“Will you walk into my parlor?” said the spider to the fly;
“ ’Tis the prettiest little parlor that ever you did spy.
The way into my parlor is up a winding stair,
And I have many pretty things to show when you are there.”
“O no, no,” said the little fly, “to ask me is in vain,
For who goes up your winding stair can ne’er come down again.”
– Mary Howitt
You would think that when you bury someone deep enough in the ground, you’d be able to keep them hidden. Smooth your shovel over fresh-tilled soil, compact it under your boots, and pray nobody ever digs there.
But dirt doesn’t let you forget what lies beneath it. It keeps settling, leaving a hollow in the earth, a dip in the landscape that reminds you of the horror encased within. A hollow that demands to be filled until it becomes a mound, rising up instead of curving down. You give it one body, then two, and three, and still it hungers for more.
Lie down, Death whispers, greedy in its want, a faint rasp carried on an autumn breeze.
I am a girl with a darkness inside me. Carefully placed. Cleverly concealed. A darkness that could devour you.
One hand on a cold pane of glass, watching the snow fall outside. It’s so pitch-black out here in the
Just us, and the silence, and the darkness.
And the snowflakes, steady as they fall, through that yellow beam below.
You could never count them all. One blink and you’d miss some. One sharp stab of pain that drives your face into the mattress, and you’d miss plenty.
And that’s the point, I suppose. You keep counting. You watch the snow fall, and you count every snowflake your eyes can catch, until it’s finally over.
The darkness wasn’t always there. I was bright and shiny once. There was no tarnish at my edges, no very bad thing that existed inside me. I had a mother, and a boyfriend, and a life, and I was loved. I had plans and goals and aspirations.
One moment and they were all gone.
I know what you’re thinking. You think I went mad when I saw Leo being burned alive, or when I gazed down at my comatose mother in the hospital after, as words like Brain swelling and head—on collision drifted through the air, meant for me but headed somewhere beyond.
Or maybe, maybe, you think it was that first time, on the kitchen floor, a tangle of limbs, mouth pressed to palm, fingers squeezing wrists.
And every time I’d tell you, you were wrong. That, even as I cried in the aftermath of Damon’s sudden interest in me, I still was a girl without a black coal heart.
I can tell you the exact moment the darkness burrowed in to stay. I imagine it like some filthy worm, coming up from the earth, chewing a neat circle in my skin and wriggling in. Finding that hollow space beneath my heart, in my ribcage, and curling up. Sated. Satisfied. Warm. I feel it sometimes, when I’m frightened, and my heart won’t slow down. It beats like mad, like a machine gun with the trigger locked on. I can’t breathe. My vision tunnels. In those moments, I imagine the worm, how happy he must be, how comforted by my fragility.
It’s strange how you know something has happened, even if you can’t remember it.
When you wake up in your bed, and the sheets beneath you are wet, and you haven’t wet the bed since you were little, a three year old girl who started to cry because she’d slept through instead of getting up and going to the bathroom.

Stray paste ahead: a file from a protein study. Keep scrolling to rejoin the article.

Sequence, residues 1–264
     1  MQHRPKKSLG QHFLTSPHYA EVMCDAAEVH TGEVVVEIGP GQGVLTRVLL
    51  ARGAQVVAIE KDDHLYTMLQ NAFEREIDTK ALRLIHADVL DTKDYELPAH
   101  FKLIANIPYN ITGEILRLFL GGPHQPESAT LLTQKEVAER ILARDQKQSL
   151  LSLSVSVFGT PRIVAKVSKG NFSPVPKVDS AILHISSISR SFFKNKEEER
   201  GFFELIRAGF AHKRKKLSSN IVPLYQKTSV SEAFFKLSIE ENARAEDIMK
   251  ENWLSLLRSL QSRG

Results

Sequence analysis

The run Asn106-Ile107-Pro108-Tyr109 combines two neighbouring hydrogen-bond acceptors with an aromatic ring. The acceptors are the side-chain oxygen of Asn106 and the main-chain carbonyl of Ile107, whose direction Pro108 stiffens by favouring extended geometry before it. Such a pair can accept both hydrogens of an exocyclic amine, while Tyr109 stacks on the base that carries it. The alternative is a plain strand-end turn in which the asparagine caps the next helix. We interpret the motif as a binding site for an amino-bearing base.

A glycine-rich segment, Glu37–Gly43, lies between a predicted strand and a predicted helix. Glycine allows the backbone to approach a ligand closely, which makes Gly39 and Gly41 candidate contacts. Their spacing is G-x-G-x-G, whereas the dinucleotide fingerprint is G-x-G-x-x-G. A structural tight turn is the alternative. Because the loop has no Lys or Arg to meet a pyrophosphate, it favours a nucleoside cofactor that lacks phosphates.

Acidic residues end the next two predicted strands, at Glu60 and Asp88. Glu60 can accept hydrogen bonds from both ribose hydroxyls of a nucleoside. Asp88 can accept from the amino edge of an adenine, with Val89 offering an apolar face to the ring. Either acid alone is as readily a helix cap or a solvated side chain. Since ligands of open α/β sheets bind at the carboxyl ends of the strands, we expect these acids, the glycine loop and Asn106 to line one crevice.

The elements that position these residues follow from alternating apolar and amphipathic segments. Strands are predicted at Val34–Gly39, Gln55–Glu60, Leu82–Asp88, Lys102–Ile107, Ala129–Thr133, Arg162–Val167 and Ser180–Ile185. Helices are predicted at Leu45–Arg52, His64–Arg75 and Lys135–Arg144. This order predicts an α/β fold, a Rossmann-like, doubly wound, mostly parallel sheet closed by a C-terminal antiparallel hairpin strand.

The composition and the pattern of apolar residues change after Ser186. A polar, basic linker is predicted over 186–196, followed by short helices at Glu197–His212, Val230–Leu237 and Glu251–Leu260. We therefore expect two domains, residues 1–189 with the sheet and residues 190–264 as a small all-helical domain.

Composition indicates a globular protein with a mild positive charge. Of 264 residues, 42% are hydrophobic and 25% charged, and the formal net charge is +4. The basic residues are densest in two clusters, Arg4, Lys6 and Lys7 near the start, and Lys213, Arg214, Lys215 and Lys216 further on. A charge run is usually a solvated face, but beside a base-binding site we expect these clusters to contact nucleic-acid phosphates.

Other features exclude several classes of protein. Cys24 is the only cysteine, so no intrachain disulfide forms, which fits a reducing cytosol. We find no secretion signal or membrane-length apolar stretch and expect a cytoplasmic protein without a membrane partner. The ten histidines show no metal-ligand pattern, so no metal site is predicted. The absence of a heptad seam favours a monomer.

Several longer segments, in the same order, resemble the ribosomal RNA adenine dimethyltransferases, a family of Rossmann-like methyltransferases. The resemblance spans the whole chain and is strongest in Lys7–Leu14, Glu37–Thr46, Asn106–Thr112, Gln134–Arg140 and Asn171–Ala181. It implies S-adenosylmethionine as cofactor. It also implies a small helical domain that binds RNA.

Eighteen years old, naked, and laying in a cold, wet spot, damp thighs and a bitter taste on your tongue. The taste of a medication you took once after your dad died and you started having nightmares that kept you awake. The bitter pill that your mother crushed into a glass of milk for you, the one that knocked you under and held you there so that you could still see the nightmares in your sleep, but could no longer wake up from them. It was terrifying, and it’s terrifying now. It’s in your mouth and in your nostrils and down the back of your throat.
You have been drugged.
Somebody has undressed you, tucked you into your bed, and they have left something inside you.
A darkness. A coiled, buzzing midnight that becomes all you’ve ever known.
You don’t like it at first. It frightens you.
The darkness is where nightmares come to life.
But after time goes by, you start to feel differently.
You begin to realise that the darkness you’ve been given is not a burden, but a gift.
Thanksgiving Eve, 2014
The day of
I’ve never felt rain like the rain we had that night.
It didn’t fall from the sky so much as it drove into the ground, each drop an individual missile that indented the earth and turned firm-packed dirt to mud. It bit at your skin like tiny stinging bullets, if you were stupid – or unlucky – enough to be caught out in the deluge.
It’s imprinted in my mind like it’s still happening now, on a constant loop.
I smell disinfectant as Clare, the owner of the diner where I’m working, wipes spilled beer off the bar.
Truck lights flash past on the interstate, on their way through our tiny town, in and out of Gun Creek in fifteen seconds. We have plenty of customers here, but nobody ever stays longer than a meal and a bathroom stop. The truck stop out front lies empty most nights, the once bustling stop in the road usurped by a fancier one up the highway fifty miles or so, with it’s shiny gas station and fast-flow gasoline pumps and sealed parking lot for the trucks to pull in for the night.
This diner is the most alive part of our town, and it’s dying.
There’s a storm outside tonight, not unusual for this time of year, but the business it’s bought us is incredible. Dana’s Grill is heaving; I can’t remember the last time I had to seat customers at the bar while I cleared off tables. I overheard a couple truck drivers talking about some flooding North, and I’m guessing the shiny rest stop has been cut off by the deluge.
I’m handing change to a table of truck drivers when I hear the sound. It’s dampened by the unrelenting rain, the water almost
All the Rage by T. M. Frazier / Romance & Love have rating 4 out of 5 / Based on40 votes